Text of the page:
More than 70 trade union, campaigning, socialist, religious and civic groups came together recently to form a coalition to challenge the ANC government’s economic policies.
The group is called the Western Province Coalition For Jobs and Against Poverty.
The background is the long term disenchantment with the slow pace of change over the last decade, and the rise in community and workers’ struggle over the last six months.
The atmosphere at Cape Town’s city hall, where the founding meeting took place, was a heady mix of rebellion and defiance.
Demands included a minimum state benefit for all, increased spending on health, transport and education, and a greater emphasis on public services.
Mike Lowe from the Cosatu trade union federation said, “The country’s wealth still lies in white and a few black hands. The inauguration of a possible alternative to the ANC reflects growing impatience amongst the mostly black urban and rural poor who feel they’ve not benefited over the last 11 years.”
Tony Ehrenreich, the Cosatu secretary for the western Cape province, said, “The wealthy have benefited tremendously from the policy choices that the ANC has made, both the historical white wealthy South African, but also the new emerging black super wealthy groups.”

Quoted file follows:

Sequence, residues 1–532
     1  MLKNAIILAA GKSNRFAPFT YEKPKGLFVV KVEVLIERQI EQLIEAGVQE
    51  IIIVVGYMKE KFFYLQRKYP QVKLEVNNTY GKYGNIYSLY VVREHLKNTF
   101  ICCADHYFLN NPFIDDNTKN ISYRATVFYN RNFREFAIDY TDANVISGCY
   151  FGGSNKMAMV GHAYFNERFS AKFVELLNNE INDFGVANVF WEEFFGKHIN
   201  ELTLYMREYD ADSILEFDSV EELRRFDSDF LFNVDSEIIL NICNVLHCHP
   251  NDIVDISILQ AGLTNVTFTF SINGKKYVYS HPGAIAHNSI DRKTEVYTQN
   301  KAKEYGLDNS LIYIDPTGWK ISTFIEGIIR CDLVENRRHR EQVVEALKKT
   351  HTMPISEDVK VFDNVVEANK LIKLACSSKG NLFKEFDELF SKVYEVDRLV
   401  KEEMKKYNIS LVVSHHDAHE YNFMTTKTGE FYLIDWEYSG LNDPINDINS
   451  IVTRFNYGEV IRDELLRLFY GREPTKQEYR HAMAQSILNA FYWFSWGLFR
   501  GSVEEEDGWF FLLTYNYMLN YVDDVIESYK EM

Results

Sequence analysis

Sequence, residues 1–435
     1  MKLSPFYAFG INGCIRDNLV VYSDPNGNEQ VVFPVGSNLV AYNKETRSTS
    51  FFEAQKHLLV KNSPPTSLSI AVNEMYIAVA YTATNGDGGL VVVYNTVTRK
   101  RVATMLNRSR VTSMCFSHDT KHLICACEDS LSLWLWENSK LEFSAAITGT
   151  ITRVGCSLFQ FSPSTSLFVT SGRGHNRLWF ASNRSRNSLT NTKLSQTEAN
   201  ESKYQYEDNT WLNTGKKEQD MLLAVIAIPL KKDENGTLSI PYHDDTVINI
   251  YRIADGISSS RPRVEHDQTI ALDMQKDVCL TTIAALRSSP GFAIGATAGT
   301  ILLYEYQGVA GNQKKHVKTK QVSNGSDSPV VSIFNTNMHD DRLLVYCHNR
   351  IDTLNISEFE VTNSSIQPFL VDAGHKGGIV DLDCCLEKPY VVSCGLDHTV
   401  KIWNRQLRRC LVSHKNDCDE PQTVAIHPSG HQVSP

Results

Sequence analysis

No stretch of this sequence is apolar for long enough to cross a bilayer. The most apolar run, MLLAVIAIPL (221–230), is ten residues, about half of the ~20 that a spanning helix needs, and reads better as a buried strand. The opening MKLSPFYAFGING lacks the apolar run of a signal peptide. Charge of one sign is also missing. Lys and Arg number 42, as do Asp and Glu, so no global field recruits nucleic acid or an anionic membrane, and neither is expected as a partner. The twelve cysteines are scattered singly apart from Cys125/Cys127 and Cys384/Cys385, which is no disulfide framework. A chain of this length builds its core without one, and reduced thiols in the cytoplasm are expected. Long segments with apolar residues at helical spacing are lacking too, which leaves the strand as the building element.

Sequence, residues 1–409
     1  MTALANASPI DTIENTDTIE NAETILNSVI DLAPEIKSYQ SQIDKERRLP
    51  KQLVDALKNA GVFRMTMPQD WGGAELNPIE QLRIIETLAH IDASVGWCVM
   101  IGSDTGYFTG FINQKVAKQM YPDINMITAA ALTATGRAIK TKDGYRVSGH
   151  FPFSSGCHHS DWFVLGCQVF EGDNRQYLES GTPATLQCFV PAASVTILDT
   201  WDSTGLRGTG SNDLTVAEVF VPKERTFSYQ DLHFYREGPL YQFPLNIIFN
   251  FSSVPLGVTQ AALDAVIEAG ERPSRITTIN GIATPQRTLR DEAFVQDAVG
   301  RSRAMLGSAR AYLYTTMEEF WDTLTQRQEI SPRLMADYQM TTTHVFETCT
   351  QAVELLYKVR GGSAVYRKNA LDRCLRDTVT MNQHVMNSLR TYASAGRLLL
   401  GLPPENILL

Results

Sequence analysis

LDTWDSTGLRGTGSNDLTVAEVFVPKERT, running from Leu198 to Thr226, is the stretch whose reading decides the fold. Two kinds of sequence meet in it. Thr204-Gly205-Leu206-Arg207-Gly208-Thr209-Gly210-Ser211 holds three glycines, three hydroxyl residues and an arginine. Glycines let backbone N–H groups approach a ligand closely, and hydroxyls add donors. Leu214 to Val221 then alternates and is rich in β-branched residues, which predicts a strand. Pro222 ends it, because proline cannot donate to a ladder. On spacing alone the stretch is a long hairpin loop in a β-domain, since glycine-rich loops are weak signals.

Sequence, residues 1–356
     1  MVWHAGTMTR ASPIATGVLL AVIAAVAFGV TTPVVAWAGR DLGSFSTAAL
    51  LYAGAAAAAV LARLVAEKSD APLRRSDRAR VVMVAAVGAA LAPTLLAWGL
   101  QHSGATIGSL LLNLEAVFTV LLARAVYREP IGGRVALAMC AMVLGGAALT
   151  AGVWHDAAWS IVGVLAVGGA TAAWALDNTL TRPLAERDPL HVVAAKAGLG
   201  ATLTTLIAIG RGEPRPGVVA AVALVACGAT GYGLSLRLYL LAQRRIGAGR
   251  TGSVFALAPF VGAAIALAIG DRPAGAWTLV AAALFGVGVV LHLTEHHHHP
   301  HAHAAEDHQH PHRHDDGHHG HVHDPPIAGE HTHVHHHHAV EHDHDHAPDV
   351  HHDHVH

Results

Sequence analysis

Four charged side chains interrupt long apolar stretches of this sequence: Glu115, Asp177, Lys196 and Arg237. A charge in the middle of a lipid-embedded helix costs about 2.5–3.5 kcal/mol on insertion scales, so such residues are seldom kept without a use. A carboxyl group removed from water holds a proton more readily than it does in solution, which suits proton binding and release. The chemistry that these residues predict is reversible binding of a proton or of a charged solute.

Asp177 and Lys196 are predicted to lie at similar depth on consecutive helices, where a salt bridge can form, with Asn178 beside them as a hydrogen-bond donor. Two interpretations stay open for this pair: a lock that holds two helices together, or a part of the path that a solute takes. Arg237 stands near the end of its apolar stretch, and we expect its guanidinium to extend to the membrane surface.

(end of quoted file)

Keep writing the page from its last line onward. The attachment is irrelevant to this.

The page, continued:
As you would expect, there are tensions in the movement. Some people want it only to be a pressure group that will redirect the ANC back to its “true path”.
Others would like an independent political coalition to emerge, modelled on the United Democratic Front that brought together a broad range of groups to fight apartheid.
What is not in doubt is that the level of struggle has risen in South Africa and every political formation is facing new strains.
The large majority of South African workers still feel that the ANC is “their party”. There is a long way to go before a genuine alternative is built. But the events of last week show struggle is now raising political issues.
Workers’ are fighting back for better pay and conditions
Founder Elizabeth Holmes was convicted